By McGrattan, Kevin; Hostikka, Simo; Floyd, Jason; Baum, Howard; Rehm, Ronald; Mell, William; McDermott, Randall
This 2010 rfile presents the theoretical foundation for the fireplace Dynamics Simulator (FDS), together with the governing equations and the numerical equipment used to unravel them. The equations are the low Mach quantity type of the Navier-Stokes equations, solved utilizing huge eddy simulation innovations. The advisor additionally describes thermal radiation, droplet delivery and evaporation, fire-specific detection units, and different details with regards to the numerics of the version.
Read or Download Fire Dynamics Simulator (Version 5) Technical Reference Guide, Volume 1 - Mathematical Model PDF
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Extra info for Fire Dynamics Simulator (Version 5) Technical Reference Guide, Volume 1 - Mathematical Model
Heat conduction is assumed only in the direction normal to the surface. This section describes the single mass and energy conservation equation for solid materials, plus the various coefficients, source terms, and boundary conditions. 2 describes the component-averaged material properties, ks and ρs cs . 3 describes the term q˙s,c , which is essentially the heat production (loss) rate given by the pyrolysis models for different types of solid and liquid fuels. 4 describes the term q˙s,r , the radiative absorption and emission in depth.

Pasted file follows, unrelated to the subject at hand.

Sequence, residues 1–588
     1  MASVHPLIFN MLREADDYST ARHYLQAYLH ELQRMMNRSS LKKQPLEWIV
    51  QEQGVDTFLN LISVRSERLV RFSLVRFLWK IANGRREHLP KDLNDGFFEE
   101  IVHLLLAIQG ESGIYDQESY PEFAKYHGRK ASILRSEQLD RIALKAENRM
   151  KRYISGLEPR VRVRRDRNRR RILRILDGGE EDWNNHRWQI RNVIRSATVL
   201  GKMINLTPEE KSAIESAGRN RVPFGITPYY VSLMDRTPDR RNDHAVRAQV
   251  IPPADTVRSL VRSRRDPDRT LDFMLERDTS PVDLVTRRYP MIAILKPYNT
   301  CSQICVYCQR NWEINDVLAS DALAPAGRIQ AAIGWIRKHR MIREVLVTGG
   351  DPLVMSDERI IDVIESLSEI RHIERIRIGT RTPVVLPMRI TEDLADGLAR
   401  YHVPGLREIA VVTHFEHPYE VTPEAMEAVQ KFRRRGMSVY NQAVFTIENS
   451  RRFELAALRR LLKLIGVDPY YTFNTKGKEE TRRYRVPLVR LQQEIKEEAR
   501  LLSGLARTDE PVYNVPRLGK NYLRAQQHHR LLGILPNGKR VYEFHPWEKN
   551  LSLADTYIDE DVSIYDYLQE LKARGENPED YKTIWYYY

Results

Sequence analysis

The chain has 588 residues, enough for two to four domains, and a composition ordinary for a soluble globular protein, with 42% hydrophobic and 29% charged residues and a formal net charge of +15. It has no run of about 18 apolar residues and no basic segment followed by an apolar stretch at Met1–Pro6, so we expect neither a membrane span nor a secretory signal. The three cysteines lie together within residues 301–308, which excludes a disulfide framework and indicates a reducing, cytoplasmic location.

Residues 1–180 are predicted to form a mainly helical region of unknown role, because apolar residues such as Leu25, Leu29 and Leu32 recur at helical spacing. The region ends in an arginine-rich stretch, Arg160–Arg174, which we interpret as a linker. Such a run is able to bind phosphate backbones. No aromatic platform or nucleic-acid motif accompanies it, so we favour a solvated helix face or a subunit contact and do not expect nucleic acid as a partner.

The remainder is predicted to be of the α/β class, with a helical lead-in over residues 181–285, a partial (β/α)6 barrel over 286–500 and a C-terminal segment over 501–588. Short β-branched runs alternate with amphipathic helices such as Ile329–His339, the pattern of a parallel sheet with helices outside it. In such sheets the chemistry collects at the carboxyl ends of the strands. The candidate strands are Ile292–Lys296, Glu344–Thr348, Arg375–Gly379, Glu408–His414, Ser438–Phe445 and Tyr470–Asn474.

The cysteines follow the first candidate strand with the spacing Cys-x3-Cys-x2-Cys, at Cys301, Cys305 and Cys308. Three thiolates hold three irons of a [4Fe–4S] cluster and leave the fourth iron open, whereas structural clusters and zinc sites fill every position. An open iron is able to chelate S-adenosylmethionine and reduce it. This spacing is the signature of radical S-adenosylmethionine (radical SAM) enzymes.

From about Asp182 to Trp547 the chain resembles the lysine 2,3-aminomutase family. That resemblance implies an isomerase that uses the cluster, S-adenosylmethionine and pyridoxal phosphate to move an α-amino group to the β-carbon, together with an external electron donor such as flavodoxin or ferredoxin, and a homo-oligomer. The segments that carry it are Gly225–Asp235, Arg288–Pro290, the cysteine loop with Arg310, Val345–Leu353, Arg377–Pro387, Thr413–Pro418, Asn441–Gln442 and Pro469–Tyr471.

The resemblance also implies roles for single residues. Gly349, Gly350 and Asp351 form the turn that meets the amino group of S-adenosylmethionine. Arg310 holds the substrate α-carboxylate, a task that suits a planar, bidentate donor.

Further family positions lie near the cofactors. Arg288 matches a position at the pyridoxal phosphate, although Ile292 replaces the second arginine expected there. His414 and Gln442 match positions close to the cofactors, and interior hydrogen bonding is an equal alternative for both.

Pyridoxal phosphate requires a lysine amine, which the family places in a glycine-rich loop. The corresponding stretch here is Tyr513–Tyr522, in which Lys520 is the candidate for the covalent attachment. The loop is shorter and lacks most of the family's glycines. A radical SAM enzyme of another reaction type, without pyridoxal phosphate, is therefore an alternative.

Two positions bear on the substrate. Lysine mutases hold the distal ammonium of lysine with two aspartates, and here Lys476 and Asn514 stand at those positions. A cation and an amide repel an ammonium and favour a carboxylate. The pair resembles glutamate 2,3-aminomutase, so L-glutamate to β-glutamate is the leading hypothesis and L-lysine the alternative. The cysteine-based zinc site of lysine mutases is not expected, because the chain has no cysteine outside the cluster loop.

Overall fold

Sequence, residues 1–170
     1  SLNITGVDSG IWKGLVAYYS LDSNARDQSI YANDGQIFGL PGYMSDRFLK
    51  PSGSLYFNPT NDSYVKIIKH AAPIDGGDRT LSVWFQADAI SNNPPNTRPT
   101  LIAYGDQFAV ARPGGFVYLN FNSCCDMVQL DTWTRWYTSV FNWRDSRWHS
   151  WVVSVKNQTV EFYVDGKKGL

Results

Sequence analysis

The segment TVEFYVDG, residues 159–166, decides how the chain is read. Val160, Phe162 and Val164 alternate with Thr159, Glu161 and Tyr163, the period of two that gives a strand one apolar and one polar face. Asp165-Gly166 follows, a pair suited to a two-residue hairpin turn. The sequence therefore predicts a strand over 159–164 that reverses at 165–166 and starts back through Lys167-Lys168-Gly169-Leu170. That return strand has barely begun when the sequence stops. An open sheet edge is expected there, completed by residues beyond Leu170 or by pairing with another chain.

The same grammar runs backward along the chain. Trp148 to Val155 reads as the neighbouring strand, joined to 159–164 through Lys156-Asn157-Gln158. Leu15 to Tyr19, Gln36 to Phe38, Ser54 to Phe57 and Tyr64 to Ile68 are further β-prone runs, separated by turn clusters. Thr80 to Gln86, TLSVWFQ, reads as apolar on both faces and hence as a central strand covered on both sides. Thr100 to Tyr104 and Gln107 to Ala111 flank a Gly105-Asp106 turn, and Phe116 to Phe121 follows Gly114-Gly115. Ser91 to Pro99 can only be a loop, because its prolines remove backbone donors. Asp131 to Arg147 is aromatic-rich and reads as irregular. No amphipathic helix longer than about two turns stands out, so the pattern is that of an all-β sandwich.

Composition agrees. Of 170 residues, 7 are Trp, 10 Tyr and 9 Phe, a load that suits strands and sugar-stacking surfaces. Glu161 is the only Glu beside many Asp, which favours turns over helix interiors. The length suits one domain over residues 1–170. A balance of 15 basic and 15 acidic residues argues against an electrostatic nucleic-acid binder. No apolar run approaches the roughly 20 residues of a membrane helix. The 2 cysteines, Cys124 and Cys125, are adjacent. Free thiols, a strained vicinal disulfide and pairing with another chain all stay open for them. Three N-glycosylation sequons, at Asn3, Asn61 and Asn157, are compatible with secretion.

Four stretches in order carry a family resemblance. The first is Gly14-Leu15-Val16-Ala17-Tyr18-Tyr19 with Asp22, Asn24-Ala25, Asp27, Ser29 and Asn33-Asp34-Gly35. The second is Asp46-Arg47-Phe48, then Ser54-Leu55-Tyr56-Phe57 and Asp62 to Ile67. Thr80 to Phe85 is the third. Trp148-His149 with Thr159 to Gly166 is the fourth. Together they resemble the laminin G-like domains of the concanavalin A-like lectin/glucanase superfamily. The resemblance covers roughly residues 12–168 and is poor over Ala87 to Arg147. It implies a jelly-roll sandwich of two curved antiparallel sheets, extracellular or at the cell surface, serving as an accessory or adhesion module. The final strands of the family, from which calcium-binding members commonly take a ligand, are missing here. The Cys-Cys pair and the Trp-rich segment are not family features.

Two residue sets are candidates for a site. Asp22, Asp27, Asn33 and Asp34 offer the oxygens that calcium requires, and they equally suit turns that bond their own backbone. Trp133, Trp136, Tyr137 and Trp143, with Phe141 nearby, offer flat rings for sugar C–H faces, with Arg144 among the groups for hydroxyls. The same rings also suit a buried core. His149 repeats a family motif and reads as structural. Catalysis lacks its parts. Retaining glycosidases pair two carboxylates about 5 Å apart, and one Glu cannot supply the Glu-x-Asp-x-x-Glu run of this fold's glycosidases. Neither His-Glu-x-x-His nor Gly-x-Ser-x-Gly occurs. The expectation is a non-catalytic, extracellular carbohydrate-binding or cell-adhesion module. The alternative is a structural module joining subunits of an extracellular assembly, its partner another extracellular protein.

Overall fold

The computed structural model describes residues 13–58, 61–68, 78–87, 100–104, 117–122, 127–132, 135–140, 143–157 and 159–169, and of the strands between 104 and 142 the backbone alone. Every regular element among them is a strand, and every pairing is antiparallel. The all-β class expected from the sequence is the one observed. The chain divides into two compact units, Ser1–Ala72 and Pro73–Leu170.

2. If a reaction occurs, Z1 is converted to Z2 representing the conversion of fuel to products. The heat release rate of the fire is obtained by multiplying the fuel consumption rate by the heat of combustion. We expand upon this by allowing for the fuel stream to be diluted with an inert gas (nitrogen) and we note that since we are using our extra parameter to determine extinction, that the yields of CO and soot are still fixed. Thus we can restate Eq. 39) and Eq. 42) where YFI is the fuel mass fraction at the burner surface (YNI2 would be the diluent mass fraction at the burner surface).
The temperature integrals of the latent heat contents are computed in advance for all the reactions of each material and the values of q˙s,c are tabulated between T0 and T0 + 2000 K. During the pyrolysis calculation, the values are found from a “look-up” table. 35 Liquid Fuels The rate at which liquid fuel evaporates when burning is a function of the liquid temperature and the concentration of fuel vapor above the pool surface. 94) where hv is the heat of vaporization, W f is the molecular weight, Ts is the surface temperature, and Tb is the boiling temperature of the fuel .